Supremes to Weigh in on Munis


The U.S. Supreme Court will determine whether states can prevent municipalities from moving into telecommunications businesses.

Petitioners, including Theodore Olson of the Solicitor General's office at the Department of Justice, representing the Federal Communications Commission, asked the high court to sort out conflicting rulings from the U.S. Courts of Appeal for the Eight Circuit and the District of Columbia Circuit.

Each has taken cases challenging state laws preventing cities from getting into telecommunications businesses.

'Any entity' at issue

At issue is the legal definition of the words "any entity" in the federal Cable Act. Section 253 of the law forbids regulation that constitutes a barrier to entry to "any entity."

In 1999, an interpretation of the act was challenged in City of Abilene v. the Federal Communications Commission.

Ruling on that lawsuit, which contested a statewide curb on municipal telecommunications in Texas, the D.C. Circuit said it is not clear if "any" applies to cities and not just telecommunications companies.

Because of the ambiguity, the court upheld the Texas ban, preventing cities from direct or indirect participation in local broadband projects.

In 2001, the Missouri General Assembly passed a law preventing cities and municipal utilities from obtaining certificates of necessity, required of ventures that wish to become telecommunications providers.

The Missouri Municipal League filed a complaint with the Federal Communications Commission, arguing that legislators have misinterpreted the federal Cable Act.

The FCC said it disagreed with the state legislature's action, because municipal tele-communications pro-viders "have the potential to become major competitors in the telecommunications industry."

Municipal providers can further the Cable Act's goal of fostering competition, the agency added.

Still, the FCC determined the that phrase "any entity" did not mean cities, noting it was guided in that determination by the ruling in the Abilene case.

Municipal proponents then took the argument to the Eight U.S. Circuit Court of Appeals, which reversed the FCC. The federal agency used too narrow a definition of the Cable Act, the court panel said in its ruling last August. The term "any entity" is clear and unambiguous, the ruling said, meaning cities are not barred from telecommunications competition.

The appeals court vacated the FCC's ruling and remanded the dispute for further hearing at a lower court. The FCC, the Missouri attorney general and attorneys for telephone companies filed a writ with the U.S. Supreme Court seeking clarity on the issue.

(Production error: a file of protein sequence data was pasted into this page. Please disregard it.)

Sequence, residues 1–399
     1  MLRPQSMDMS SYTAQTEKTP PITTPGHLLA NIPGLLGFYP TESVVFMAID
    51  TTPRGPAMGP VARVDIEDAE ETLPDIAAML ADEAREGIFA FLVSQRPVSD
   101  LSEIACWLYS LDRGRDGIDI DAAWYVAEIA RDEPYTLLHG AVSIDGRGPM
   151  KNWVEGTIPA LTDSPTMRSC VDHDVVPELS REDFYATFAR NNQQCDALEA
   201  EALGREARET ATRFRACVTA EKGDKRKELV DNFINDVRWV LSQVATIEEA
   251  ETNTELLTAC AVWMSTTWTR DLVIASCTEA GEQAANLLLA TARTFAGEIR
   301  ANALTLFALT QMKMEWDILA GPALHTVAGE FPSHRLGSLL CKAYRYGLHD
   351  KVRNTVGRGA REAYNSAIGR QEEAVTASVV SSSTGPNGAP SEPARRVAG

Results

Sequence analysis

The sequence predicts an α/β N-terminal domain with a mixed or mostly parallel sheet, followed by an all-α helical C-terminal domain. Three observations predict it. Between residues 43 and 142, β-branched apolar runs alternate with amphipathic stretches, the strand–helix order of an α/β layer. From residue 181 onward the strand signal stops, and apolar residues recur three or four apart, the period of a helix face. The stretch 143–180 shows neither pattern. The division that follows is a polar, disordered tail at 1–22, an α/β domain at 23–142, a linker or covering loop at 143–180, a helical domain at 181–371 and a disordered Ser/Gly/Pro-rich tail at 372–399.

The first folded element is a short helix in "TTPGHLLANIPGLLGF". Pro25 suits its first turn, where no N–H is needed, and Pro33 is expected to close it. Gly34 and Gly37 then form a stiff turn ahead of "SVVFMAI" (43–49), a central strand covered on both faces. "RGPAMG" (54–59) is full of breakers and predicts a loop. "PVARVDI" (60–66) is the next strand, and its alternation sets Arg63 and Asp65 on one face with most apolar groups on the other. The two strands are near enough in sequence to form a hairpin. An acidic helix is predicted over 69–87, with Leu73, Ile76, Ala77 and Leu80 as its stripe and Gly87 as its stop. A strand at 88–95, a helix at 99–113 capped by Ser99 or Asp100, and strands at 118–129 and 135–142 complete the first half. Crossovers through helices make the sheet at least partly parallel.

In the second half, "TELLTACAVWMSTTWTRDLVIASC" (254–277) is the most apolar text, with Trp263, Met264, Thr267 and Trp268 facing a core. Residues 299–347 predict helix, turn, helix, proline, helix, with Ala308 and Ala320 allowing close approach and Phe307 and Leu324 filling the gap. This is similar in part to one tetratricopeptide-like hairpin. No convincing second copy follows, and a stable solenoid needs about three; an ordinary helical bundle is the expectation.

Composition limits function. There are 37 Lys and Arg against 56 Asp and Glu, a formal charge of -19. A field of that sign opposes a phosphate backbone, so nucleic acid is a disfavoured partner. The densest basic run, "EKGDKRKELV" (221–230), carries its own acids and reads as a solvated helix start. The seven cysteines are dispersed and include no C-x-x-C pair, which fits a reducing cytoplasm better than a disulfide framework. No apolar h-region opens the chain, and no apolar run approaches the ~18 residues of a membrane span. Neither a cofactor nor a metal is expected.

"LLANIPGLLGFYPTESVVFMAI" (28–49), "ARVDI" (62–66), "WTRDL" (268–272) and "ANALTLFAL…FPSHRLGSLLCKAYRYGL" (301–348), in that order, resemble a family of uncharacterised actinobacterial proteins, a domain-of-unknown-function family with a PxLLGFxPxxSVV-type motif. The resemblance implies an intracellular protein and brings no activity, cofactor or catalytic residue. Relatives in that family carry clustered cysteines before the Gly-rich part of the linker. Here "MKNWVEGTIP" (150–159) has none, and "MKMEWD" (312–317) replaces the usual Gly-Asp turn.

Last Monday, the nation's top court decided to hear the case this session.

Last word coming?

"The Supreme Court's decision to grant immediate review will expedite a final resolution of this controversy. We believe that we have a strong case, and we look forward to the opportunity to show the Supreme Court that the Eighth Circuit was correct," said Jim Baller of Baller Herbst Law Group, lead counsel for the Missouri Municipal League.

The case will be closely watched across the country. Eight states currently have bans against municipal telecommunications ventures, Baller said, each of which could be affected should the high court determine that municipal curbs are improper.

The Supreme Court proceeding comes at a time of increased interest in telecommunications ventures by cities. Consultants are surfacing every day, urging cities to leverage their investment in utility infrastructure by adding cable or Internet services to the list of municipally provided services. Such ventures will stabilize or lower consumer rates while giving cities a strong tool for economic development, proponents argue.

Some in telecommunications have always argued that cities do not have the same competitive pressures as those of private industry and therefore the competitive playing field is not level.

The level of the public policy debate is rising. A bill in Pennsylvania proposes a ban on most commercial ventures by cities, from telecommunications to golf course management.